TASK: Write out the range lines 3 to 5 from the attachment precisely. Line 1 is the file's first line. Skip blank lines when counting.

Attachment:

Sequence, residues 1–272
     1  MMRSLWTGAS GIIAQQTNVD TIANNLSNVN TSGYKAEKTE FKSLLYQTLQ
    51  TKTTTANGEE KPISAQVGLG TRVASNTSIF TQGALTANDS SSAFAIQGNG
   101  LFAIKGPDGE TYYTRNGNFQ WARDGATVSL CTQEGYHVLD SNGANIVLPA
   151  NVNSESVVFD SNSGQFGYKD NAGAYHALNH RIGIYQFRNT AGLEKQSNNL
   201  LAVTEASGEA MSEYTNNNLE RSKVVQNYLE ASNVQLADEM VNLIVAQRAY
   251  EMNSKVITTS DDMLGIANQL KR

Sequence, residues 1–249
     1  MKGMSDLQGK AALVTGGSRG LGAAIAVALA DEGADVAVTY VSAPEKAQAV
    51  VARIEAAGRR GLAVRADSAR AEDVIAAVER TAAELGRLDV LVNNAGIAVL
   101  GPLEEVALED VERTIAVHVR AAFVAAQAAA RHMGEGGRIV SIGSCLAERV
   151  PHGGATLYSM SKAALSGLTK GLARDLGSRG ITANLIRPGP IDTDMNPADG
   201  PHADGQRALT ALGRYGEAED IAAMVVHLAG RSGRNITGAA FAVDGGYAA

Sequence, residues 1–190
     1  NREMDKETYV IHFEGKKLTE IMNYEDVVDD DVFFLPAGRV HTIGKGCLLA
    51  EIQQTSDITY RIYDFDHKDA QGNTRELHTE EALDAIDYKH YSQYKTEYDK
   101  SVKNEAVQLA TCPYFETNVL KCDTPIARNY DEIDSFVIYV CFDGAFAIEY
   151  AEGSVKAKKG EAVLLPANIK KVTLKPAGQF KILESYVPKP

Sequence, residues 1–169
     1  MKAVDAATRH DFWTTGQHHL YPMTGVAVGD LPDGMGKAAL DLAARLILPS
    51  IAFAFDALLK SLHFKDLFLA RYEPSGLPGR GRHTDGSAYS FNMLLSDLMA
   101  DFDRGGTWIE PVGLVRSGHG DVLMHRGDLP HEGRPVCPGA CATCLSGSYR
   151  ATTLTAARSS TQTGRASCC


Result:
    51  TKTTTANGEE KPISAQVGLG TRVASNTSIF TQGALTANDS SSAFAIQGNG
   101  LFAIKGPDGE TYYTRNGNFQ WARDGATVSL CTQEGYHVLD SNGANIVLPA
   151  NVNSESVVFD SNSGQFGYKD NAGAYHALNH RIGIYQFRNT AGLEKQSNNL